Eye care for swimmers is an important topic to those who experience stinging, itchy, irritated, red, dry, or otherwise irritated eyes after getting out of the water. This discomfort—possibly persisting for many hours—can be a real downside to a favorite activity.
Fortunately, common eye problems are fairly easy to prevent.
The Water and Your Eyes
Your eyes have a thin tear film on their surface that helps keep them properly lubricated and offers some protection. This film actually has three layers—water, protein, and lipid—that are naturally balanced to interact exactly as needed to keep the tear film from evaporating too quickly; this keeps your eyes lubricated.
Chlorine, salt, and other chemicals and compounds in the water disrupt the balance of the elements making up the tear film. This easily causes the film to evaporate faster than it should, thus leaving your eyes inadequately lubricated, and also less protected against the irritating chemicals and compounds in the water.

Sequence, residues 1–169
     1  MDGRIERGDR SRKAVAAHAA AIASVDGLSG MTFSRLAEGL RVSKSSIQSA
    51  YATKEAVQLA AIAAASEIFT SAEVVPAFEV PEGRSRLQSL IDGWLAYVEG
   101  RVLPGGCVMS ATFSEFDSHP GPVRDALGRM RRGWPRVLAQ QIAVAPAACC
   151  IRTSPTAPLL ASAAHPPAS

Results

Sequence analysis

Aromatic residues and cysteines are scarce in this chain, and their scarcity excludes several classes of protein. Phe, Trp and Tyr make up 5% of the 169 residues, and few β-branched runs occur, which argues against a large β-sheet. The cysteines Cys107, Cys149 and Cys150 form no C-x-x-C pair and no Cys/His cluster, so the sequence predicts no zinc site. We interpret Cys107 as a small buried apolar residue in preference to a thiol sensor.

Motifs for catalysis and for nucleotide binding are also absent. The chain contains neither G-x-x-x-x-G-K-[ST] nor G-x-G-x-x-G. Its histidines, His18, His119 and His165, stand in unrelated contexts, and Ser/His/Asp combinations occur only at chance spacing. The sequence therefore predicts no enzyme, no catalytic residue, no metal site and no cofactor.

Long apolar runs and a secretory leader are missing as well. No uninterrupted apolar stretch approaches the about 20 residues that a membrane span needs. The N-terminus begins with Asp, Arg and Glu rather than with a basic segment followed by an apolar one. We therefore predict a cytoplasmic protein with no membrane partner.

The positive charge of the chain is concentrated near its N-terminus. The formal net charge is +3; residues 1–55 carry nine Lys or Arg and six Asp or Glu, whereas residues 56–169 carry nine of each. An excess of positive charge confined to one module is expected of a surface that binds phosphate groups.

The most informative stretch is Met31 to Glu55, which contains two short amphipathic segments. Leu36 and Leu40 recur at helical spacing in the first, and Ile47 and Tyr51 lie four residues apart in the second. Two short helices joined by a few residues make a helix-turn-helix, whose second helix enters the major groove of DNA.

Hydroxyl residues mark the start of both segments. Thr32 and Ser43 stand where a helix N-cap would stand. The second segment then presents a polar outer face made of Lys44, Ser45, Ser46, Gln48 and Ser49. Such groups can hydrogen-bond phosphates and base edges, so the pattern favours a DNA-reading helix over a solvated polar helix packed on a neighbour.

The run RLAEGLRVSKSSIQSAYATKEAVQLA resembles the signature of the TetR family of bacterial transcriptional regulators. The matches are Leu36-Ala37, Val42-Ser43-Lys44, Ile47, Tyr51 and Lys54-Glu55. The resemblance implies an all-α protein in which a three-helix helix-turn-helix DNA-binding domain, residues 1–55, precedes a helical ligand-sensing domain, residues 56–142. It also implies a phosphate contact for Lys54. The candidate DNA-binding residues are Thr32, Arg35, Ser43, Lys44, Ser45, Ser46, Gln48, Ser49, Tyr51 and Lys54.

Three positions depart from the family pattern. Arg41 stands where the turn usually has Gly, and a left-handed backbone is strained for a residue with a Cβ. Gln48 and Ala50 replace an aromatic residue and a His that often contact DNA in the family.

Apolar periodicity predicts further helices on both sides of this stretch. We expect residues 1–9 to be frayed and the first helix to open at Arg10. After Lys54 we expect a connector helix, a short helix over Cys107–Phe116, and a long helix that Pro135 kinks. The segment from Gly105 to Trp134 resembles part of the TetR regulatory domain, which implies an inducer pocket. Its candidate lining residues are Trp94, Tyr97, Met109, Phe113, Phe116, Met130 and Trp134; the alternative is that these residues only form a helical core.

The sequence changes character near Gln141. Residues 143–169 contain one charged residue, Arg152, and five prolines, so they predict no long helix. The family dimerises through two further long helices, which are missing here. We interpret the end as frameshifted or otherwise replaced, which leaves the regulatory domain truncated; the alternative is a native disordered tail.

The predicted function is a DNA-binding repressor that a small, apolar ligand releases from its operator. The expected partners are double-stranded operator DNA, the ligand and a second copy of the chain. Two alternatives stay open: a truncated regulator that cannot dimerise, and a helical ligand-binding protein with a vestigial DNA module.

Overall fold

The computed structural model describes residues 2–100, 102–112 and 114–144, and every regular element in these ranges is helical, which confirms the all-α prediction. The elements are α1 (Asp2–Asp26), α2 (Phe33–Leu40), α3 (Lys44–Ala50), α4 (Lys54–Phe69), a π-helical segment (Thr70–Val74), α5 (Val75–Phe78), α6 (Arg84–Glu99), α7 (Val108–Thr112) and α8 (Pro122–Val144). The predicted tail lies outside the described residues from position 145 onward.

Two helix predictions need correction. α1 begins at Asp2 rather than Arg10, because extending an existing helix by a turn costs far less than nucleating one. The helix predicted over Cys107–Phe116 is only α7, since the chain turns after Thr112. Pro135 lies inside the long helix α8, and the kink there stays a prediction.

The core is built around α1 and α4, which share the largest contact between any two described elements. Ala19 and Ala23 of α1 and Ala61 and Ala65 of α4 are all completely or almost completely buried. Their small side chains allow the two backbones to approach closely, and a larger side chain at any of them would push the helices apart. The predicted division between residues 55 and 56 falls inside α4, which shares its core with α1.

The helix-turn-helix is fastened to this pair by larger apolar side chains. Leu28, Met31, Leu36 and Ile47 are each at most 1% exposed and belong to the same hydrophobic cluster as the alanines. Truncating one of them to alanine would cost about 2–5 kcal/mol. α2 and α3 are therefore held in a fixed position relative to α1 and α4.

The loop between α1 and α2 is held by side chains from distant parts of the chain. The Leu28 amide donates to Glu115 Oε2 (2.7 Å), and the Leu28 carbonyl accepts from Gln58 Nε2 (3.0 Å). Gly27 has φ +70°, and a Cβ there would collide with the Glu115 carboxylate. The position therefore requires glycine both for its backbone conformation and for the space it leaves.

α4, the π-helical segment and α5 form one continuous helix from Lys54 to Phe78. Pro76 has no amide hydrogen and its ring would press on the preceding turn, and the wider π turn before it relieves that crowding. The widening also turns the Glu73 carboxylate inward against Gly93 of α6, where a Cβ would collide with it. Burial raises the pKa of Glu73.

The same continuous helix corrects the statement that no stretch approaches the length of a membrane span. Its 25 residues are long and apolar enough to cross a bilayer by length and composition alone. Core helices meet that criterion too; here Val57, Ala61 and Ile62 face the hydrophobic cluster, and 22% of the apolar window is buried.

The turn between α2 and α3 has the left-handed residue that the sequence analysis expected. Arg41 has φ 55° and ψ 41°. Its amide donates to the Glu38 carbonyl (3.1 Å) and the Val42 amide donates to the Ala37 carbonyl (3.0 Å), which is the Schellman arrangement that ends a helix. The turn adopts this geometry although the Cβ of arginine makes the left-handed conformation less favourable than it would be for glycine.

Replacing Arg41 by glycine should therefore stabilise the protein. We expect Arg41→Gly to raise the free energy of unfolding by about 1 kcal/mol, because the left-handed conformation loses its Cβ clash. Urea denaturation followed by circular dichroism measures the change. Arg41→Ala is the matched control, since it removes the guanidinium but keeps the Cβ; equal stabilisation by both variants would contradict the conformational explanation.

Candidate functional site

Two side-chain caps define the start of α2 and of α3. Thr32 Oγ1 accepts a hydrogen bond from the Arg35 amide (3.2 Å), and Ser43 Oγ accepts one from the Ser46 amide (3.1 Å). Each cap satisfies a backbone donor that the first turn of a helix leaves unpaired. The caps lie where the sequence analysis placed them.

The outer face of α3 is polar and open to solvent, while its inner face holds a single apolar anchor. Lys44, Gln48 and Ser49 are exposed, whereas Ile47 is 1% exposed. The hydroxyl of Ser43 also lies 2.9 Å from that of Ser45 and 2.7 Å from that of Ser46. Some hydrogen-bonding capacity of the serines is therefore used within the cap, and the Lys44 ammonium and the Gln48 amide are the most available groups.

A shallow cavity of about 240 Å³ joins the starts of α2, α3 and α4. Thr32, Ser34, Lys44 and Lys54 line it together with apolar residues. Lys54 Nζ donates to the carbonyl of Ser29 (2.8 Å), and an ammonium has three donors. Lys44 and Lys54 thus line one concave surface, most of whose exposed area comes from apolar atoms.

And that’s basically why a swim can leave your eyes dried out, itchy, and irritated.
Protecting Your Eyes During a Swim
The best way to prevent these effects should be obvious: goggles. Choose the right swim goggles to ensure that they stay put and keep water out. Then, you can swim and exit the pool or open water with your tear films still intact.
If you are suffering from dry or irritated eyes, use some artificial tear lubricating drops as directed on the package. If it’s a severe problem, you might benefit from prescription drops, so consult your ophthalmologist or primary care doctor.
It’s also helpful, as a basic part of eye care for swimmers and as an important health measure, to make sure that you’re well hydrated before and after your swim.
Also, if you wear contact lenses while you swim, consider getting prescription goggles to use instead. Contact lenses harbor chemicals and microbes after a swim, and bacterial growth occurs readily. This can exacerbate eye irritation, and even put you at risk for corneal ulcers and other complications. Disposable contact lenses are another option if you’re committed to wearing them during your swims.